Drawing on personal photographs as well as images found online, Marcel Vidal creates photorealistic paintings that explore the complexities of representation within contemporary image culture. Vidal often integrates his paintings into sculptural installations, which take on aggressive, enigmatic, or ritualistic attributes.Read More
Recurring subjects in Marcel Vidal's paintings include human figures and ordinary objects that often appear in extreme close-up. They evade interpretation: paintings such as r and D (both 2017) restrict meaning by wielding only parts of the alphabet against an ambiguous, white background. Many of Vidal's paintings also evoke photographs taken in the dark with flash, as can be seen in the flattened white that seemingly floats in a dark grey space in the 'White Dress' series (2018).
In À la plage (Dad 1946-2018) (2019), Vidal portrays more of his father than his generally fragmented subjects. Vidal depicts his father drying his hair, although his face remains hidden by a large beach towel. The act of concealment alludes to his father's complex biography—a French national born in Algeria, who moved to Ireland in the late 1970s—behind an otherwise ordinary moment of drying oneself. À la plage was nominated for the Zurich Portrait Prize in 2019.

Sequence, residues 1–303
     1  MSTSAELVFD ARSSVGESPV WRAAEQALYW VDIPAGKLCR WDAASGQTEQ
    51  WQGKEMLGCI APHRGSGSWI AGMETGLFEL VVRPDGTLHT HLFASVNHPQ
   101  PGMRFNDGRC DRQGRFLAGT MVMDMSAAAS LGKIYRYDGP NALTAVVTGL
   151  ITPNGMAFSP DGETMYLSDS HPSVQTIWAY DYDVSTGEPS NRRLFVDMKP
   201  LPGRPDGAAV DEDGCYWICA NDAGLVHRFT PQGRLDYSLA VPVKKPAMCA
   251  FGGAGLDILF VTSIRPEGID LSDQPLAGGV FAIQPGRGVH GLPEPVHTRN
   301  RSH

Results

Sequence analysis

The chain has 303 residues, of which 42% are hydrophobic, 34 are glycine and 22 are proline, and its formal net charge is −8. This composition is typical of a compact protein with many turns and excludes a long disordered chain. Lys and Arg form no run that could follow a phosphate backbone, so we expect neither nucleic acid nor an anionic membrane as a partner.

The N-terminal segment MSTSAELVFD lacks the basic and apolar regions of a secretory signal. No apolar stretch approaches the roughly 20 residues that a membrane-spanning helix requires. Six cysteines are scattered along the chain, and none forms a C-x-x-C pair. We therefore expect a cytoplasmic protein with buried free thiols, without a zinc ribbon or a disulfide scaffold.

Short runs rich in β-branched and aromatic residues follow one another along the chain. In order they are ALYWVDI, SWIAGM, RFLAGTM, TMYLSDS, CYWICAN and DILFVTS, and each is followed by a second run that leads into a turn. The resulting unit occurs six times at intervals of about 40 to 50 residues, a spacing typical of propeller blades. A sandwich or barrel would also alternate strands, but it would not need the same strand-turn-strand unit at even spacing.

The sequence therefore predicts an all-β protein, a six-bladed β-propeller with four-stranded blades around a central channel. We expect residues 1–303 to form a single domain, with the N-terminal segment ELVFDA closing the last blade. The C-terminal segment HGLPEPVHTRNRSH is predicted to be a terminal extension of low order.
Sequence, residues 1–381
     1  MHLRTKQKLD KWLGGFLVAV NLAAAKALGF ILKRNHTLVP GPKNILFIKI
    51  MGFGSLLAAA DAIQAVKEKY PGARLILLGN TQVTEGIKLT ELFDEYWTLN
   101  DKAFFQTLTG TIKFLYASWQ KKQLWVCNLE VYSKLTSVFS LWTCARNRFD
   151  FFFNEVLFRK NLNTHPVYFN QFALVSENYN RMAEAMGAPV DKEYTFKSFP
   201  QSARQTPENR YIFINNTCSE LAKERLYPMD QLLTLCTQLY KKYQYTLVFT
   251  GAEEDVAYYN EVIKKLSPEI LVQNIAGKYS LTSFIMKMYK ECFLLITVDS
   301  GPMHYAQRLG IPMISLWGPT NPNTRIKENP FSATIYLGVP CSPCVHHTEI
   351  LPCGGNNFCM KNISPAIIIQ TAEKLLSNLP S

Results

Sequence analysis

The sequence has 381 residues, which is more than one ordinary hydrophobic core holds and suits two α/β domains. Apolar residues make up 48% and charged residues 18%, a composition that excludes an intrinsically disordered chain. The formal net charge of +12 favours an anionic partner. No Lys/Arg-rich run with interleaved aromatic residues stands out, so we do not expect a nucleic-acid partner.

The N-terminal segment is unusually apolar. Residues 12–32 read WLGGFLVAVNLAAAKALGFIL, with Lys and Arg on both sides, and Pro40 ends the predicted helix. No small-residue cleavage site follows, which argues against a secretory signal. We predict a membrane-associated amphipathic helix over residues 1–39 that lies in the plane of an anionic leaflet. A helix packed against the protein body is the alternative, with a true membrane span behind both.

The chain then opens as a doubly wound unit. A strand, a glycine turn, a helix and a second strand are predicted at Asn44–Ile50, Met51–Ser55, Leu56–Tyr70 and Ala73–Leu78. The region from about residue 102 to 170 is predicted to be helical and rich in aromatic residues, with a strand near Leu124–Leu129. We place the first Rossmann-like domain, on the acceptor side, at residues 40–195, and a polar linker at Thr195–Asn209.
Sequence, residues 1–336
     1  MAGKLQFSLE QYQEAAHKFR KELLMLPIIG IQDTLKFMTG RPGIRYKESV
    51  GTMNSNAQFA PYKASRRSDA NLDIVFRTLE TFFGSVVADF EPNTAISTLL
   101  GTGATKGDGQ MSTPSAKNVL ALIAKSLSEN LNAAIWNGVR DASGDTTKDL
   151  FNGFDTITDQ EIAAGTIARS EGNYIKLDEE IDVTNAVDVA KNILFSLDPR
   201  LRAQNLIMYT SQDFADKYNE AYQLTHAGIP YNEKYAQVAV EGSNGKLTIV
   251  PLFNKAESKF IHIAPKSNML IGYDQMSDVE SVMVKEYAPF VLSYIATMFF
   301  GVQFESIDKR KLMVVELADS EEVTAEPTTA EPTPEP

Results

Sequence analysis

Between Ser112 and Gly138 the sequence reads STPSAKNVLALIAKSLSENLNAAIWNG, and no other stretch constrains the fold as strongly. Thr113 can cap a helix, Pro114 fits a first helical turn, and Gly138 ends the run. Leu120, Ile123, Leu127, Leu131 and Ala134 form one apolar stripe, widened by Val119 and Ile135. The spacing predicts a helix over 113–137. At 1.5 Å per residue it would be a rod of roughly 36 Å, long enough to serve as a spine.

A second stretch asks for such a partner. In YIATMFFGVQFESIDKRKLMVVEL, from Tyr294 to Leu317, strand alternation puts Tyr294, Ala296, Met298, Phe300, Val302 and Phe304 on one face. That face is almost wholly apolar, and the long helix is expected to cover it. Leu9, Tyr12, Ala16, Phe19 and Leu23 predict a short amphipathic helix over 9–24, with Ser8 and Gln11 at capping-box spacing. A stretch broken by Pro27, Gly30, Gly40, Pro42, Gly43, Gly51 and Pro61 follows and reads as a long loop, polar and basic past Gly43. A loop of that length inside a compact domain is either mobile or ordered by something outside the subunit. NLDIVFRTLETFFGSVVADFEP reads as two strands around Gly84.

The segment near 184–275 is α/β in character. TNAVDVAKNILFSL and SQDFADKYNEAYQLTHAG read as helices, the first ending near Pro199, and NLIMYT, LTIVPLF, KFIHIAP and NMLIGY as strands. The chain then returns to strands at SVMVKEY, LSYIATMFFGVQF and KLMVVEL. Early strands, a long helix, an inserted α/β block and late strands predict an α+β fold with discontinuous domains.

Marcel Vidal materials include fur, feathers, wood, concrete, rebar, chains, and even deer hooves, which he uses to construct sculptural installations. The sculptures can be imbued with an air of mystery and absurdity, such as the pentagram-sculpture that encases a small painting (Sausages, 2014). Other installations are reminiscent of violence, as in STINKFEST (2016), a wheeled structure that features black rods radiating from the centre in all directions.
Marcel Vidal explored the details of tents in 2020, investigating the subtle balance between colour, plane, and composition. The vertical canvas is divided in the middle in Green (2020), branching into a triangle towards the top. Vidal uses precise brushstrokes to differentiate the stretching and wrinkling of the tent's fabric, using subtle tonal shifts to suggest the physicality of a tent.
Marcel Vidal's solo exhibitions include Stuck on dawn, Kerlin Gallery, Dublin (2021); SILVERFISH, The Dock Arts, Carrick on Shannon, Ireland (2018); and Donut, Temple Bar Gallery + Studios, Dublin (2017).
Selected group exhibitions include Everybody Knows: Paul Hallahan and Marcel Vidal, The Complex, Dublin (2020); Too Much Sugar, Drawing & Installation Station, Temple Bar Gallery + Studios, Dublin (2019); WHITE NOISE, FUTURES, RHA (Royal Hibernian Academy), Dublin (2018); Island Life, Custom House Studios and Gallery, Westport, Ireland (2018); ARTWORKS, Carlow Arts Festival, London (2016); and SHRED!, Steambox, Dublin (2014).
In 2019, Vidal was awarded the Hennessy Craig Award and the Golden Fleece Award. That same year, he was also included in the book 100 Sculptors of Tomorrow published by Thames & Hudson.
Sherry Paik | Ocula | 2021